The war on standards, West Point cheating edition

In the past, cheating scandals at America’s military academies have been dealt with severely. The cheaters were expelled. It didn’t matter whether they were football stars or what their race was. They were dismissed.

But that’s not how West Point is dealing with its current cheating scandal, in which 73 cadets, the majority of whom are athletes, have been accused of cheating on a math exam. Most of the accused admitted to cheating, in violation of the school’s honor code occurred which states:

A cadet will not lie, cheat, steal, or tolerate those who do.

Instead of expelling the cheating cadets, the Academy has enrolled most them in a “rehabilitation” program. Of the 59 who admitted to cheating, 55 are being “rehabilitated.” The other four apparently resigned. Those who are contesting the charge will have a hearing.

Why is West Point being so lenient? Why is it departing from its past practice of booting cheaters?

Lt. Gen. Darryl Williams, the superintendent at West Point, offered a guarded explanation in a memo to the faculty. He said the Academy’s honor code “has resulted in an inequitable application of consequences and developmental opportunities for select groups of cadets.”

But what is “inequitable” about expelling all cadets caught cheating on an exam? The honor code applies to all cadets regardless of “class.” The past practice of expelling violators applies equally to all cheaters regardless of “class.” This is a classic neutral rule.

Clearly, Williams is concerned that application of the neutral rule has a “disparate impact” on particular subgroups of cadets. That’s why he’s departing from past practice.

Williams didn’t specify which groups of cadets he’s talking about. Conceivably he was talking about athletes. Fifty-five of the accused cheaters play sports for West Point. Nearly half of that group is on the football team.

However, I doubt that athletes are the main “select group” Williams is concerned about. I suspect that the primary concern of Williams is with the impact of enforcing the honor code on Black cadets. I can’t say this for certain. It’s not even certain that a disproportionate number of the cheaters are Black.

But there are sound reasons to believe that Williams, who is Black, had race in mind when he decided not to expel the cheating cadets. Rod Dreher explains the grounds for this suspicion in a post for The American Conservative.

He points out that when someone talks about “equity” these days in the context of unequal outcomes, he is usually talking about race. As Dreher says, “if [Williams] is not talking about race here, then what is he talking about?” Equity for football players? That would be a new one.

The notion that there’s inequity when neutral rules adversely affect Blacks in disproportionate numbers is a key element of “critical race theory.” And critical race theory has spread to West Point. Dreher documented this development here and here. He quoted a West Point grad as follows:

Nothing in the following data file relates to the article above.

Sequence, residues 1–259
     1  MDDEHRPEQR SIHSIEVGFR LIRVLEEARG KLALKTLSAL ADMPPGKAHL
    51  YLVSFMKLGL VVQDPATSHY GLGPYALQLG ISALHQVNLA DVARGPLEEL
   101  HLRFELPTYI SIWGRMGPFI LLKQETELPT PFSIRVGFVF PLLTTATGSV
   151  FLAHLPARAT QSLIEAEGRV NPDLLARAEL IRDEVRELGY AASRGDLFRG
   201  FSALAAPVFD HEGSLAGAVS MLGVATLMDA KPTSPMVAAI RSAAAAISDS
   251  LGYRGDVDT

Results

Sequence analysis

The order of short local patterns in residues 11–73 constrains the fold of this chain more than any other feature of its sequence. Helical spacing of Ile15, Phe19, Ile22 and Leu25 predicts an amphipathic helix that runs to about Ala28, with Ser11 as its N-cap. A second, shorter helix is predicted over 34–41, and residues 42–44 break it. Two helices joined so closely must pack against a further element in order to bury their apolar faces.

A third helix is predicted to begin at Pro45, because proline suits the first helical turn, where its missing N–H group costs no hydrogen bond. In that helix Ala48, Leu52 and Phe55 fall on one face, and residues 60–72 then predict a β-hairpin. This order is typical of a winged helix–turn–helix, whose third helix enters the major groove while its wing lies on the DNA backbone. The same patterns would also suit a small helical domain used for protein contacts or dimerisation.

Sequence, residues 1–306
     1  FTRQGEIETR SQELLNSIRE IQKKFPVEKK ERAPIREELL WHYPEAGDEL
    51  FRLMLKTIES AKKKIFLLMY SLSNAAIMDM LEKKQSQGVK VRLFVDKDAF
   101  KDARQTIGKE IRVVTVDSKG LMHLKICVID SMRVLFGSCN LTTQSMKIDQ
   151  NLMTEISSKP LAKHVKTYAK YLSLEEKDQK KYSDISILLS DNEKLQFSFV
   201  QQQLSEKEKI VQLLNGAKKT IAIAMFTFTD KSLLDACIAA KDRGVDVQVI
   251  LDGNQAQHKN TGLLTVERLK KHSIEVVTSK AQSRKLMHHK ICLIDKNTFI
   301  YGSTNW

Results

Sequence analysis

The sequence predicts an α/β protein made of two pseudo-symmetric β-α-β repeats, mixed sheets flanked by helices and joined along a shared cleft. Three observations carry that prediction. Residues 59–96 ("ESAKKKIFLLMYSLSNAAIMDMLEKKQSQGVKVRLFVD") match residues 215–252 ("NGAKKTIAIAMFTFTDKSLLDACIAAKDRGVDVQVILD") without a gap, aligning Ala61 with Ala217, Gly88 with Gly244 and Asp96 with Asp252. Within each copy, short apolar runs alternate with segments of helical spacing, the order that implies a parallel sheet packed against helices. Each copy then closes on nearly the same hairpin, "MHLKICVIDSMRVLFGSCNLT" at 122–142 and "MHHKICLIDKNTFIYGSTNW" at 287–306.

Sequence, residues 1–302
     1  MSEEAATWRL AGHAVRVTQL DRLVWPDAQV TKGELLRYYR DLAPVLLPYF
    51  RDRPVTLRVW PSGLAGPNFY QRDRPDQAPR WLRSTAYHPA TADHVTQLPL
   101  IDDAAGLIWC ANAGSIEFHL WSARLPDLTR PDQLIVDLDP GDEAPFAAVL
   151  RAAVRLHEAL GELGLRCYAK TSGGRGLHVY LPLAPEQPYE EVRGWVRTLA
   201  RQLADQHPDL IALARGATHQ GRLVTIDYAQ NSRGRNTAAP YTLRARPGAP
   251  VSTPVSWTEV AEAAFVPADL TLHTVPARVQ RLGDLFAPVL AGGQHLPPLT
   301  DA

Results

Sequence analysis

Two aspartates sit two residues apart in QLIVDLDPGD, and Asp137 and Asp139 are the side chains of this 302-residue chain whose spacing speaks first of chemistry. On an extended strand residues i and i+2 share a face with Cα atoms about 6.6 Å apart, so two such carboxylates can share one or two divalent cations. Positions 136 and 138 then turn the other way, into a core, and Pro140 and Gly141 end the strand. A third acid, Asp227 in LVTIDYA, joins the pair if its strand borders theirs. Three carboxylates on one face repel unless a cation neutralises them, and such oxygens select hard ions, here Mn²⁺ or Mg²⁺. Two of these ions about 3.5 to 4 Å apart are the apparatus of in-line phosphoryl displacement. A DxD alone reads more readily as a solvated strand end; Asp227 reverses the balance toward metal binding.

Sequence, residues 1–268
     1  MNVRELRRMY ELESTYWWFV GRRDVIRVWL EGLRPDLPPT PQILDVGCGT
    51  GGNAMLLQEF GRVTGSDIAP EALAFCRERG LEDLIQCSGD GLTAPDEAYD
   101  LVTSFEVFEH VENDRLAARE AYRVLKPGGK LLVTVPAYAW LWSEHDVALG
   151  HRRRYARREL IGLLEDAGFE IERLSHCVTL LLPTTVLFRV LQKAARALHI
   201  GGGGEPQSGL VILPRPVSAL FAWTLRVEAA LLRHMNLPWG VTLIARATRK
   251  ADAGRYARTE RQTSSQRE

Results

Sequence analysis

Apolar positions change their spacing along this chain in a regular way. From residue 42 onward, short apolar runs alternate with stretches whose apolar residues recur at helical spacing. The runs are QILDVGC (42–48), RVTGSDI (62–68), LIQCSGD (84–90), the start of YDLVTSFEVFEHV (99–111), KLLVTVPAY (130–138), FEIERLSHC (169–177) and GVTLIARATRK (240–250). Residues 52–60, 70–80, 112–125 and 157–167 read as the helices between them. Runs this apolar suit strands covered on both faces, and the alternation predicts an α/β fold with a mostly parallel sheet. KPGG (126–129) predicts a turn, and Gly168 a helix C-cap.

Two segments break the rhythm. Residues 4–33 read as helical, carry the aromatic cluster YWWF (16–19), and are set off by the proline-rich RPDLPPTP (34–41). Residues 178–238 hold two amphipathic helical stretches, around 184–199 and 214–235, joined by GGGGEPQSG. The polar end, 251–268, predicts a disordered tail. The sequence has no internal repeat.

There has been a gradual shift at West Point in recent years to become more progressive, to include. . .in 2018, inviting Ta-Nehisi Coates to spend two days at the academy, speaking to cadets about a variety of topics, with an emphasis on race.

Coates is an incorrigible race hustler.

Thus, if one connects the dots, it’s easy to believe that when Williams said the Academy’s honor code “has resulted in an inequitable application of consequences and developmental opportunities for select groups of cadets,” he was talking about consequences and opportunities for Blacks.

If so, wokeness has eroded West Point’s honor code and, indeed, the Army.

I want to add two more points. First, the military has urged the Supreme Court to uphold racial preferences by colleges and universities for Blacks. It touts the supposed benefits of diversity to the military. When the Supreme Court upheld racial preferences in Grutter v. Bollinger, it cited an amicus brief by the military.

The Supreme Court might soon revisit racial preferences by colleges and universities. If it does, then, depending on the facts, perhaps a brief should ask the Court to consider whether racial preferences in admissions to West Point have caused a lowering of core standards there.

Second, the notion that it’s unacceptable for a neutral rule (e.g., expulsion for cheating) to have a disparate impact on a particular group is a perversion of “disparate impact” theory (which is, itself, a perversion of the original civil rights law, but that’s a matter for another day). Under disparate impact theory, a neutral rule that results disproportionately in bad consequences for one racial group is problematic only if the neutral rule lacks a sound justification.

Expelling cheaters from a military academy is easily justified by the military’s interest in having honorable officers. Thus, it shouldn’t matter if this policy disproportionately burdens Blacks or any other “select group of cadets.”

But this seems to have mattered to Williams. If it didn’t, he should say so. If it did, we’re left with a particularly insidious victory for the forces waging the war on standards in America.

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